.....but there are quite a few folders to open to get to the file, and once you have opened it there is a folder which contains the adobe documents. ...
I believe there is only one file, so there is a single link to the file. The "folder" does not matter. Open the "folder" to find the file link in the web browser under the OCR website and place the cursor on top of the link and right-clicked to copy the link.

(Original post by Bulbasaur10)
...The files, as far as I'm aware, do not open my web browser at least.
You can always enable the web browser to read pdf. Under your case, you have disable it and choose to save pdf file to your computer. This is unimportant in this case.
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Bulbasaur10
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#16
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#16
(Original post by Eimmanuel)
The answer is NO.




I believe there is only one file, so there is a single link to the file. The "folder" does not matter. Open the "folder" to find the file link in the web browser under the OCR website and place the cursor on top of the link and right-clicked to copy the link.



You can always enable the web browser to read pdf. Under your case, you have disable it and choose to save pdf file to your computer. This is unimportant in this case.
http://www.ocr.org.uk/Images/58044-p...une-legacy.zip

I think this works? :?
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Eimmanuel
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#17
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#17
(Original post by Bulbasaur10)
I am having a bit of trouble with question 1c in the OCR 2824 June 2008 paper - the question about collisions between three objects.

Could someone explain to me how we know straight away for part 2 that block 1 just bounces back and moves in the opposite direction. I can show that mathematically but I wouldn't know how to do it without setting up simultaneous equations etc... Is there a more intuitive way? Also for part i, I thought the answer would be along the lines of, 2 and 3 can't remain stuck as the collision is elastic, so 3 must move off and as it has the same mass as 1, its velocity must be the same to conserve momentum, but I feel like this isn't true since 2 and 3 are stuck together in part ii and this is still an elastic collision.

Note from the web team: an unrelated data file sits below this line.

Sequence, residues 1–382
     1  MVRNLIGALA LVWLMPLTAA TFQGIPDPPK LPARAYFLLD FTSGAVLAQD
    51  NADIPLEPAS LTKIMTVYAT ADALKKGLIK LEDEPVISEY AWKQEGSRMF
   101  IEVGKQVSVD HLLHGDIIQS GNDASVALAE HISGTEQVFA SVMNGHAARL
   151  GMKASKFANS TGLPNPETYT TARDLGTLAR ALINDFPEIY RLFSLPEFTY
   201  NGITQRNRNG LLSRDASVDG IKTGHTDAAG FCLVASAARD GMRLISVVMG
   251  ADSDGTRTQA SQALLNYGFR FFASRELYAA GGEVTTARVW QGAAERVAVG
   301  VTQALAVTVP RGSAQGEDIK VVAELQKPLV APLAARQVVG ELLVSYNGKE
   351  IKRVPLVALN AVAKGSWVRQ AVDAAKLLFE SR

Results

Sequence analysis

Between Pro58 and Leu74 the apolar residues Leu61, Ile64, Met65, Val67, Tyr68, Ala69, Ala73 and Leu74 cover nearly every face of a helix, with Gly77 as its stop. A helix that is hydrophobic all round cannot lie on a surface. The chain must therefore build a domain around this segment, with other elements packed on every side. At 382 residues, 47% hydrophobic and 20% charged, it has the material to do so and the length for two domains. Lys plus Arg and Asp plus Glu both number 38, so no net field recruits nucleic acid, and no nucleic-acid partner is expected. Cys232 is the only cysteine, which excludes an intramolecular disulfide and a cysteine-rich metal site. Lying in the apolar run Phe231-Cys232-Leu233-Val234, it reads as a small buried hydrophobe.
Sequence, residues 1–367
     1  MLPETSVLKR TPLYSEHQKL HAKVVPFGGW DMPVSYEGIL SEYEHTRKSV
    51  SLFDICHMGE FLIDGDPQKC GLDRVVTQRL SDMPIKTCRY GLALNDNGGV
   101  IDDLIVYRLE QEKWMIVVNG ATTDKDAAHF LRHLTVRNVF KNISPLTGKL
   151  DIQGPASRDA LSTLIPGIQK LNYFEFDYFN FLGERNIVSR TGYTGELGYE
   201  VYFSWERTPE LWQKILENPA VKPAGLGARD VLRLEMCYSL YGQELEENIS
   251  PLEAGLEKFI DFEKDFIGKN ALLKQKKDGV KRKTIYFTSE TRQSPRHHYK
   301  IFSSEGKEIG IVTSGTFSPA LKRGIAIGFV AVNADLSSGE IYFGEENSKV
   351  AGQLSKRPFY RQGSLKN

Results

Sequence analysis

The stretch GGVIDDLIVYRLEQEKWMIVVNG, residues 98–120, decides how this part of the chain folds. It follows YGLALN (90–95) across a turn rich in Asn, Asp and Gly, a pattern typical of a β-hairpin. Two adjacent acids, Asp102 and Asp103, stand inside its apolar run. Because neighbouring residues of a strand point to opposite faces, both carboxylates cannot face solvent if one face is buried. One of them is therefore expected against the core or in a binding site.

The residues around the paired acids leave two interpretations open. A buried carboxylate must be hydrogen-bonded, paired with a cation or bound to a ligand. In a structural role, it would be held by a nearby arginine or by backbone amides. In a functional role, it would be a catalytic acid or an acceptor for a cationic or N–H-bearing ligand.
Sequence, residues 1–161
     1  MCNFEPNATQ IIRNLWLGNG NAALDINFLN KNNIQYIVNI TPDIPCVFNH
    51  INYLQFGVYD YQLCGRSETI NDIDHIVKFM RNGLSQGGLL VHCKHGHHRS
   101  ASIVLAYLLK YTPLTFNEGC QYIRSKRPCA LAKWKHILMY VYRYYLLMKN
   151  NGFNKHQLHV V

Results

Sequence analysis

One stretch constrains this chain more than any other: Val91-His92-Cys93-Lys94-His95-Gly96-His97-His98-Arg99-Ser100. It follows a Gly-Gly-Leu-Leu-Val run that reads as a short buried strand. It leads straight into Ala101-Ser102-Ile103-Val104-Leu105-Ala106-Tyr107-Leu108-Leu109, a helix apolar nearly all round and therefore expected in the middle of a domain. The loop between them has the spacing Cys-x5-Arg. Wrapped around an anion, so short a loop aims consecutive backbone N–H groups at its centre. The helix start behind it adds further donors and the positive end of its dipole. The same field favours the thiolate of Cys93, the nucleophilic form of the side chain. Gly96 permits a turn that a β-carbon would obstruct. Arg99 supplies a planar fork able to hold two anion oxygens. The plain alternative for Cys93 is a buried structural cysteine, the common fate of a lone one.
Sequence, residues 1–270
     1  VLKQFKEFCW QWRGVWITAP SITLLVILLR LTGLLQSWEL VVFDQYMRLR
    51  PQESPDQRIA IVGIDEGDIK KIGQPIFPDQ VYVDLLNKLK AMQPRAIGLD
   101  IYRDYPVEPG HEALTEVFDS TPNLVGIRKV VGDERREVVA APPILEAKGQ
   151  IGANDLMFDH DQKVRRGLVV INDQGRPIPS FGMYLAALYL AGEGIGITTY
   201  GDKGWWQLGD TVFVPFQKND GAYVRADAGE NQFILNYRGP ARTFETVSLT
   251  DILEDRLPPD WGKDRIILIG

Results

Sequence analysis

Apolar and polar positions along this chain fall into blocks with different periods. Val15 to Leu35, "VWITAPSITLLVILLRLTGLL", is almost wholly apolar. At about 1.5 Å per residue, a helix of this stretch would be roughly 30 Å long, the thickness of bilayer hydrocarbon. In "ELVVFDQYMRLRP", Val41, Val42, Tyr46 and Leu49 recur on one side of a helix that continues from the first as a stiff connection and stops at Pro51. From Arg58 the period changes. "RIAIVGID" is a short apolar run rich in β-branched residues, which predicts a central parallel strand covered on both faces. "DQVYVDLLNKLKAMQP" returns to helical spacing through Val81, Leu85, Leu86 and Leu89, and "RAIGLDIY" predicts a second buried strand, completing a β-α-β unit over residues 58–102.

....
For (c)(i), you can make use of the result of (b) to explain what is going. (c) is like a Newton’s Cradle problem.
https://en.wikipedia.org/wiki/Newton%27s_cradle

From (b), you know that if an object 1 of mass m moves at a speed of u, collides elastically with another stationary object 2 of mass m, object 1 will transfer all its momentum and KE to object 2 and object 2 will move with speed of u while object 1 will remain at rest.

From (c), we are told that “Cube 3 is replaced in its original position close to cube 2.”, so there is a small between cube 3 and 2. When cube 1 collides with cube 2, both momentum and KE is passed to cube 2 and cube 2 will move with speed u. Then cube 2 collides with cube 3 and transfer both momentum and KE to cube 3 to cause cube 3 to move with speed u.

There is a similar question in which someone had asked and you visit the post with the link shown as follow.
https://www.thestudentroom.co.uk/sho....php?t=5387636


For (c)(ii), although the question asked the candidate NOT to do any calculation, you can still do some calculations in your own practice to get an idea of what is going on. Under this situation where the collision is elastic, the transfer of momentum and KE is NOT complete because the mass is different. So cube 1 will “retain” some momentum and KE after the collision and get rebounced while the glued cube 2 and 3 will move to the right.
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Eimmanuel
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#18
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#18
Yes. It works.
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Eimmanuel
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#19
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#19
(Original post by Bulbasaur10)
...

If anyone has time, I am also having a bit of trouble with 2d since I thought the KE of the glider would be zero at t = 0 due to the velocity being zero, but the mark scheme says the graph should be a negative cosine graph... What am I thinking about wrong?
Name:  cosine_graph_01.png
Views: 101
Size:  18.3 KB

If you look at the diagram, the negative cosine graph is the pink curve which is very similar to the black curve. It is the black curve that the MS is referring to - negative cosine wave touching x-axis.
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Bulbasaur10
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#20
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#20
(Original post by Eimmanuel)
Name:  cosine_graph_01.png
Views: 101
Size:  18.3 KB

If you look at the diagram, the negative cosine graph is the pink curve which is very similar to the black curve. It is the black curve that the MS is referring to - negative cosine wave touching x-axis.
Right. I understand. That's what I had in mind I just didn't understand the MS...So it's just that it's been translated across somewhat. Thank you again - you've been a great help! Sorry about all my faffing around with the pdf...